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To Greg - Pot Bellied Stove

PostBy: Buffalo12980 On: Sun Oct 08, 2006 9:19 am

I'm always trying to improve on a product. As you say hoppers are designed into a product. I suppose I can just hand fill this thing all the time. But I was just trying to improve on it. I have enclosed a digital photo of the stove. Real simple, bottom is a damper and ash tray, door has a damper on it and stovepipe has a 6 inch damper on it [manually operated] I have the stove operating right now - outside temperature is 36. coal is in the firebox to a depth of about 10 inches, bottom third of the stove is glowing red - it never gets orange hot - stack temp at the elbow is about 350 with a magnetic gauge.
Buffalo12980
 

PostBy: LsFarm On: Sun Oct 08, 2006 9:43 am

Hello Buffalo, I understand, I'm always looking for a 'better way' to do things too.

I'm pretty sure you will have to hand feed this type of stove. You could create a hopper, like a big funnel that hangs on the side of the stove with a hand-controlled door to dump added coal onto the fire without opening the door. This might be more convienent than what you have to do now.

Are you using this stove in the house?? with the bottom of the stove glowing orange-red, you might consider adding a small fan to circulate air over the hot surfaces to pull away some of the heat. I'd also inspect the fire-pot often for heat-errosion from this hot of a fire. Most coal stoves have firebrick to protect the steel or iron from the direct heat of the fire, since the fire does errode away the steel and iron.

It is possible for a passageway to be created in the pile of coal where there is lots of oxygen in one area, and the heat will get too hot and soften the iron. This is after all how Farriers [sp?] the horse shoeing blacksmiths create heat to soften the horse shoes to shape them.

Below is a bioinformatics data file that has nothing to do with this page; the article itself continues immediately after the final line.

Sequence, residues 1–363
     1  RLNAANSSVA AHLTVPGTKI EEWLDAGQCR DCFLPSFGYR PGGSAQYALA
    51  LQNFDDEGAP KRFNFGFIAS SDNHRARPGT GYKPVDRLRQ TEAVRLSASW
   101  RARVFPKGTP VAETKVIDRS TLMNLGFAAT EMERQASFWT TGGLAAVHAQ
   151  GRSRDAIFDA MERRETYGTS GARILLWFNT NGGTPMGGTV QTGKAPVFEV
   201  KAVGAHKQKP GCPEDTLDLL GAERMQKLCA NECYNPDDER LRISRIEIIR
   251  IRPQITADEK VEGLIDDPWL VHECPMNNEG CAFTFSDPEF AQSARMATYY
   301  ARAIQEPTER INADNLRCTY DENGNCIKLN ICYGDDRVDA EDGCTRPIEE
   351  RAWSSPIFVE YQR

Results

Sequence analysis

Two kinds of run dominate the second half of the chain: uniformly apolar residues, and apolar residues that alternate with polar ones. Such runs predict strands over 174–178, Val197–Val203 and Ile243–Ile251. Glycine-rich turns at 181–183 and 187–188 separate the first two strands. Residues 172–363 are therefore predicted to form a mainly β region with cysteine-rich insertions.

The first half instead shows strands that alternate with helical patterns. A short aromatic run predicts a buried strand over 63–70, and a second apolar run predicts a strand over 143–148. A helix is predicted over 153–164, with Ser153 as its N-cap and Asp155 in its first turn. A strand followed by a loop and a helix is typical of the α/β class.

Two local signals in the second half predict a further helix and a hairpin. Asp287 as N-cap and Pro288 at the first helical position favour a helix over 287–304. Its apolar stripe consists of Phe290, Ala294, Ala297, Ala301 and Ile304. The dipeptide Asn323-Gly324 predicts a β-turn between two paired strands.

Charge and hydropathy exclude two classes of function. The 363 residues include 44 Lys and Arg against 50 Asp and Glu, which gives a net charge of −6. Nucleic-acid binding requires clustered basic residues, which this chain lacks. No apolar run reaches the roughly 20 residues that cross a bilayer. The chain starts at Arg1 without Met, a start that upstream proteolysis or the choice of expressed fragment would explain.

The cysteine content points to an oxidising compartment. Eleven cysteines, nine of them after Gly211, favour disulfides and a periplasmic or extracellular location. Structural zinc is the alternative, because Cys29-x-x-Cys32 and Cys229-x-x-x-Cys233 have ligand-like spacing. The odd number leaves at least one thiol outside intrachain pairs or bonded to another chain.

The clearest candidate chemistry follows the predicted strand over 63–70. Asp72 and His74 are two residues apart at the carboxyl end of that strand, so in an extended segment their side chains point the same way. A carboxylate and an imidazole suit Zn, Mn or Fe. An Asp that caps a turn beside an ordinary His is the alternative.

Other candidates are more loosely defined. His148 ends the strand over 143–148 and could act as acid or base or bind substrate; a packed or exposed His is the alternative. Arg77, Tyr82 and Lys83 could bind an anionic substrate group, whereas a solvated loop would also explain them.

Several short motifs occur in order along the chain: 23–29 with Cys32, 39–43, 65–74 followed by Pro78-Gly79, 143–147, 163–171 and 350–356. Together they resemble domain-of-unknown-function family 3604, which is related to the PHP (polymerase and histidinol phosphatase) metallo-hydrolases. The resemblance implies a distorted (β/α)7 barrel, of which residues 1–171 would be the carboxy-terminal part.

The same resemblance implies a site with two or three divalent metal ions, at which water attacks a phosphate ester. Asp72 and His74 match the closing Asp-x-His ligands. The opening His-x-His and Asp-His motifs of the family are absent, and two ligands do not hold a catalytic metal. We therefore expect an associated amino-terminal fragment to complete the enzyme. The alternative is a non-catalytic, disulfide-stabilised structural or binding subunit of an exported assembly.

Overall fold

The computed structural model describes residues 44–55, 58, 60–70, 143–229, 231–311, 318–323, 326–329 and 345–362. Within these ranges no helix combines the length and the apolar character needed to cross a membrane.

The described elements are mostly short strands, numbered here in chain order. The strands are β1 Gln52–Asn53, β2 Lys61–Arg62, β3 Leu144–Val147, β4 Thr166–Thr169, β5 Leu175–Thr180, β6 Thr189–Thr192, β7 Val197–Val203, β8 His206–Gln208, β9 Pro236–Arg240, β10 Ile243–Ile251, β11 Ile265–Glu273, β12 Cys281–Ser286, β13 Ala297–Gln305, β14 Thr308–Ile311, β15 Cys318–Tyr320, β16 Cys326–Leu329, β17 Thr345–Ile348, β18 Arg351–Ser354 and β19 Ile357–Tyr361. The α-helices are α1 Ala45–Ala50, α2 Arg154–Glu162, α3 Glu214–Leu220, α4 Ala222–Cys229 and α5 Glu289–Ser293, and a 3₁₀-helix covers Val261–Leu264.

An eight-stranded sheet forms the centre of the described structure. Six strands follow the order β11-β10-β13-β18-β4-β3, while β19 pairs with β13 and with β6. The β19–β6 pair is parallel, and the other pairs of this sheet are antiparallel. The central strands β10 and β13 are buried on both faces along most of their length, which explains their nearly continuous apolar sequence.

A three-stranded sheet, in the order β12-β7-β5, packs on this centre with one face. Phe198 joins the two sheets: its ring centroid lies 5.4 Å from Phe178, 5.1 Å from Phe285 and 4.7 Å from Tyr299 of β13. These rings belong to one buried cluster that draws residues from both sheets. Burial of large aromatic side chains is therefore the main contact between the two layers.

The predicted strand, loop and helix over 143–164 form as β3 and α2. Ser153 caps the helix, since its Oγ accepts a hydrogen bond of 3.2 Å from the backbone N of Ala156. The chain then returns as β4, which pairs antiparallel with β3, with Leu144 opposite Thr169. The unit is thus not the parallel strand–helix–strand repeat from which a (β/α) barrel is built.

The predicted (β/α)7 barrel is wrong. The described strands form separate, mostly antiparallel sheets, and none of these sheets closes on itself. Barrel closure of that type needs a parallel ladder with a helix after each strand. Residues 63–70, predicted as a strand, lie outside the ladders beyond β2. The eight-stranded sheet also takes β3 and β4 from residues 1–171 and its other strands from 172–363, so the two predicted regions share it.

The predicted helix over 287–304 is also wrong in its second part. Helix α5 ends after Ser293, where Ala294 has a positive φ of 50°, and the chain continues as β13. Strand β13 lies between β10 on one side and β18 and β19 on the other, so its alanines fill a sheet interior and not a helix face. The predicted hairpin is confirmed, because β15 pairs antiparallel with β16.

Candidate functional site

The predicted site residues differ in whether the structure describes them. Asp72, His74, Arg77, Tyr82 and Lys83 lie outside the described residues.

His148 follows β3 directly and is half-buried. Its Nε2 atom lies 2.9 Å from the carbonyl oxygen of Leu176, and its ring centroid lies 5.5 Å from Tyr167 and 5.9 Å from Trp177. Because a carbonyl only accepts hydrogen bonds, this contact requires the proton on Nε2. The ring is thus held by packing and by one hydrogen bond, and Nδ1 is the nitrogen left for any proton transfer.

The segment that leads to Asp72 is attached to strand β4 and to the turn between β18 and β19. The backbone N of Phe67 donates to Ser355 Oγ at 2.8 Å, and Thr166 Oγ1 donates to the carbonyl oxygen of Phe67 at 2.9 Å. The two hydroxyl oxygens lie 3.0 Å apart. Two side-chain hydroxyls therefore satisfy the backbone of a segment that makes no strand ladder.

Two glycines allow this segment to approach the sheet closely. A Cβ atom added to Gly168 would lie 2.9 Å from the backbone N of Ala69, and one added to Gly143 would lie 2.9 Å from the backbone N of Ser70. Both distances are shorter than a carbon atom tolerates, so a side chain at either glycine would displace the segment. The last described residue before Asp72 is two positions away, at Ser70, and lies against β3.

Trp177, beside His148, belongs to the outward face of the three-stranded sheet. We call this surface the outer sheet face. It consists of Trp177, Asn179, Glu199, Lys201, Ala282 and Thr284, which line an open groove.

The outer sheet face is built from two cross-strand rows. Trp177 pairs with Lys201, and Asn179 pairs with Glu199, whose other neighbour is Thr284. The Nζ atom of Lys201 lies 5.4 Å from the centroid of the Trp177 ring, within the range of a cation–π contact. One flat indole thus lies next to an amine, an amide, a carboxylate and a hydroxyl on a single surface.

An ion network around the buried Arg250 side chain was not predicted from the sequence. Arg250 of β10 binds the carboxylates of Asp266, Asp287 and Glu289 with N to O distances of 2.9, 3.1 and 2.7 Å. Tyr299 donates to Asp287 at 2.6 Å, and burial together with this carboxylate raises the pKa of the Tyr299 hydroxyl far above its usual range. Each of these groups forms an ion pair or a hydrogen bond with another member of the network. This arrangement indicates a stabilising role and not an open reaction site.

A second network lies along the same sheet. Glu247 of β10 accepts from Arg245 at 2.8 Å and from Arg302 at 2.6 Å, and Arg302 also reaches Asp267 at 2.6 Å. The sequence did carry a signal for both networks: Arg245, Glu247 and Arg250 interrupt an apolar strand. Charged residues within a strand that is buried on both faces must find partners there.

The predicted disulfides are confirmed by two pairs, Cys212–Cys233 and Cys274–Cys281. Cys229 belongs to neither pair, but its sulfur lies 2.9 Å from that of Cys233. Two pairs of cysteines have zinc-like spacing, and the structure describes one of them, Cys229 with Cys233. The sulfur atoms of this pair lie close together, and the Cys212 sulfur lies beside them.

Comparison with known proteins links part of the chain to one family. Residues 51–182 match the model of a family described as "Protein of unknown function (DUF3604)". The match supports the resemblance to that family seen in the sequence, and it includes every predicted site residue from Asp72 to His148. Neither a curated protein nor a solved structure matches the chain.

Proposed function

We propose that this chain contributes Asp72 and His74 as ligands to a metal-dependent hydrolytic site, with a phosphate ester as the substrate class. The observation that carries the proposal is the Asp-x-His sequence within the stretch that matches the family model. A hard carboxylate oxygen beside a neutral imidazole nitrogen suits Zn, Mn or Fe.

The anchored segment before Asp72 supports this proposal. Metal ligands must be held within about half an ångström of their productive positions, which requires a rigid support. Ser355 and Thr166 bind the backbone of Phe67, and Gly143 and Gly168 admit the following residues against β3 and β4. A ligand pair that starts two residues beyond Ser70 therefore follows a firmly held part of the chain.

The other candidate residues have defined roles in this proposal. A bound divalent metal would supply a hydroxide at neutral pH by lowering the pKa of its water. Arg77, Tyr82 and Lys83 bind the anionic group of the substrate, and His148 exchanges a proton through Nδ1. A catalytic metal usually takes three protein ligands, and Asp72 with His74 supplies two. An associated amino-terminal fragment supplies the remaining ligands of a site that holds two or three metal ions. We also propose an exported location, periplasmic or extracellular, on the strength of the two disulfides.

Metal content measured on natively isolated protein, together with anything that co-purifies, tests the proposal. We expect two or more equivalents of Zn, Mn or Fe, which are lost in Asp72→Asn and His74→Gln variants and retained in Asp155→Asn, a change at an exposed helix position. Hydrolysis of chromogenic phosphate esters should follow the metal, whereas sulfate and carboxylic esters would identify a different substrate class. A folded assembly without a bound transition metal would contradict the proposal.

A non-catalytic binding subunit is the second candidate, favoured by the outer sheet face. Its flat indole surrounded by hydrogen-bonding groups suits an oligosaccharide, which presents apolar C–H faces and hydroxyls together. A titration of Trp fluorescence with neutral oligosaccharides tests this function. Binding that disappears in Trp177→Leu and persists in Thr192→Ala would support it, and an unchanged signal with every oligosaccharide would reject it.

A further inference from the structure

My latest boiler is fully firebrick lined to spread out the heat to the water jacket surrounding the fire box. I did this to prevent errosion of the SS water jacket as well as to prevent hot spots that would create localized boiling of the water.

Take care, Greg

BTW, I don't see a photo, ??
LsFarm
 
Stoker Coal Boiler: Axeman Anderson 260
Hand Fed Coal Boiler: Self-built 'Big Bertha' SS Boiler
Baseburners & Antiques: Keystone 11, Art Garland

Vogelzang Stove

PostBy: Buffalo12980 On: Sat Oct 21, 2006 7:51 am

How do you regulate output temperature in a pot bellied stove? There's a movable door where the ashtray door is, there's a rotating thingie with holes in it in the fill door and I have a manual damper in the flue about two feet up the stack before it elbows off into the thimble.
I fired it up four times now and the temperature in its vicinity is over 94 degrees. Stack temperature reads about 150 when its fired up. I'd like the temperature to be about 86 which is comfortable but 94 - T shirt and skivvies!
Picture will follow when I get the batteries charged up for the digital.
Buffalo12980
 

PostBy: LsFarm On: Sat Oct 21, 2006 8:31 am

I'd get a small fan and circulate the air around the stove, maybe in a doorway or hallway going from the stove's room?? Anything to get some hot air out and cool air in.

If this is a one room cabin or house, then keep the draft control on the loading door closed, and control the air getting below the fire using the draft control on the ash door. Turn it down as much as you can without having the fire go out.

If you have the air shut way down, you may have to open the damper in the stack to provide more draw from the chimney, and to keep the chimney warm, or it will stop drawing air and the fire will go out.

You might try making a metal screen or plate to put in front of the stove to shield you from most of the radiant heat coming from the hot firebox.

Hope this helps, Greg L
LsFarm
 
Stoker Coal Boiler: Axeman Anderson 260
Hand Fed Coal Boiler: Self-built 'Big Bertha' SS Boiler
Baseburners & Antiques: Keystone 11, Art Garland

Vogelzang

PostBy: Buffalo12980 On: Sat Oct 21, 2006 9:21 am

Morning Greg.
Will try the fan thingie - enclosed is a picture
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Buffalo12980
 

Pot Belly Stove - confused

PostBy: Buffalo12980 On: Sun Nov 05, 2006 11:49 am